Jobs data on the agenda as signs point to cooling inflation
All eyes will be on employment figures this week as Australians hope for more positive signs ahead of the Reserve Bank’s first interest rate decision of the year.
A slowdown in job growth is expected to be reflected in the Australian Bureau of Statistics’ December labor force report, due on Thursday.
CommSec economists Ryan Felsman and Craig James say some correction is expected after stronger-than-expected job growth, with 61,500 new jobs in November.
While the unemployment rate remains extremely low compared to historical averages, it has edged higher in recent months, rising 0.1 percentage point between October and 3.9 percent in November.
A soft release of the labor force would encourage households to pray for an end to interest rate hikes after a surprisingly sharp slowdown in inflation.
The ABS reported on Wednesday that November’s consumer price index rose 4.3 percent, up from 4.9 percent in October and the lowest level since January 2022.
Economists had expected a 4.4 percent rise in prices, prompting many to predict the Reserve Bank will keep cash rates unchanged at its first board meeting of 2024 in February.
The rates market predicts that the chances of the RBA raising rates again this cycle are virtually nil, with two cuts priced in by the end of the year.
Nevertheless, an upside surprise when the all-important quarterly CPI figures are released later this month would seriously test market confidence.
NAB economist Taylor Nugent still believes the central bank has one last rate hike in store for February to “better balance the risks around the return to inflation within a reasonable timeframe”.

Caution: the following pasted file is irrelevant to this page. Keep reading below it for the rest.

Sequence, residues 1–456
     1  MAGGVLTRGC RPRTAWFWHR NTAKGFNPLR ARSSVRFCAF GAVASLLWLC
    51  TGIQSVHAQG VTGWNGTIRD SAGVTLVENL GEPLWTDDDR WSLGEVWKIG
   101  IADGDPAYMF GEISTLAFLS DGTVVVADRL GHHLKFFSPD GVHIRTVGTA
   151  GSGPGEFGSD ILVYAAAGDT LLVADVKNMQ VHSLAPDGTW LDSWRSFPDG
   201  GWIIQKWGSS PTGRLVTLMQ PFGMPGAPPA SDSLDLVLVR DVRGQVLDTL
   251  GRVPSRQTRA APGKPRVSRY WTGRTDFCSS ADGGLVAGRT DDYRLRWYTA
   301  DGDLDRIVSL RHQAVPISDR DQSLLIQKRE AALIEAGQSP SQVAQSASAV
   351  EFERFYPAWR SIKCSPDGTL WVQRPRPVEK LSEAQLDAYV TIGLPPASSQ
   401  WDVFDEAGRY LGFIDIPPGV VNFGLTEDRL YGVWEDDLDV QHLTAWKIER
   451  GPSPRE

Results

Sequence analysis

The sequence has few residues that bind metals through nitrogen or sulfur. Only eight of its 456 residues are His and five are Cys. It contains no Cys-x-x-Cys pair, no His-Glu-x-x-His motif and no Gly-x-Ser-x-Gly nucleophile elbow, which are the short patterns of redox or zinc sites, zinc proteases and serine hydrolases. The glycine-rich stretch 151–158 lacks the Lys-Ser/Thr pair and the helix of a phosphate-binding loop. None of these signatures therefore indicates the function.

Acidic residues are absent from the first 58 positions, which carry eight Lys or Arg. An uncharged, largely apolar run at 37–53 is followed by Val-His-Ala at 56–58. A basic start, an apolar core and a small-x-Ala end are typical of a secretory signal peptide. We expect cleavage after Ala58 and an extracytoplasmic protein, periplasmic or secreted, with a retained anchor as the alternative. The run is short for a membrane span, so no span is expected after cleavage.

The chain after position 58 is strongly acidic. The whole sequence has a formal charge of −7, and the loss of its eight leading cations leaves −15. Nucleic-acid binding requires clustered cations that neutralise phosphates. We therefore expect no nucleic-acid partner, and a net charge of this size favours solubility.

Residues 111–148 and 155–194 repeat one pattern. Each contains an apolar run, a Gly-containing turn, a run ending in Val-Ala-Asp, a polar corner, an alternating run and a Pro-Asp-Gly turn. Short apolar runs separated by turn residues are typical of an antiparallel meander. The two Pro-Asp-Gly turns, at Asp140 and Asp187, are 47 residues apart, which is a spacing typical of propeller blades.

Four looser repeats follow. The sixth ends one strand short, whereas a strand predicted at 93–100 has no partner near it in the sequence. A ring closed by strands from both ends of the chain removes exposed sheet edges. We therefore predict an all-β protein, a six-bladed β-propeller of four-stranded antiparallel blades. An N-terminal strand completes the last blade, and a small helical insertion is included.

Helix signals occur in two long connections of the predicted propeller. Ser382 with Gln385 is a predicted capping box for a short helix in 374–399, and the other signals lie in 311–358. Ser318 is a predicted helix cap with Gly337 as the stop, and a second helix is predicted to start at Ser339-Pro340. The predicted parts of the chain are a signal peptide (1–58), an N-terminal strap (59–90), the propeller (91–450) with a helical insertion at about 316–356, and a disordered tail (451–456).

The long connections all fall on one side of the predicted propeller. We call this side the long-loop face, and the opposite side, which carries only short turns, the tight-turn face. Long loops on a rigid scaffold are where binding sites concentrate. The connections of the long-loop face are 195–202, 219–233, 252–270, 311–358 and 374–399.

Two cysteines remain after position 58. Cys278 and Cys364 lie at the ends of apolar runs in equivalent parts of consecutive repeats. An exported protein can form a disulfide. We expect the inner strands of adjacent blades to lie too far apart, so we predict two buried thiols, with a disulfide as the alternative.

The economic week starts on Monday with job vacancies data from ANZ and Indeed, along with household spending insights from CBA.
The ABS will also release migration statistics on Tuesday and construction activity data on Wednesday, which will provide further insight into how the construction sector is positioned to provide new homes for Australia’s growing population.
About 40,000 housing starts were completed in the June quarter – just two-thirds of what is needed each quarter to meet the Albanian government’s target of 1.2 million new homes over five years.
Across the Pacific, the US reporting season will accelerate in a week shortened by the Martin Luther King Jr. holiday, with Australians waking up on Tuesday to results from big names like Goldman Sachs and Morgan Stanley.
Alumina giant Alcoa will also report earnings on Wednesday, a week after it announced the closure of its Perth refinery.
The S&P/ASX200 index of the Australian stock market finished 7.7 points lower at 7,498.3 on Friday, down 0.1 percent but up about the same amount for the week.
The broader All Ordinaries fell 6.3 points, or 0.08 percent, to 7,730.5.
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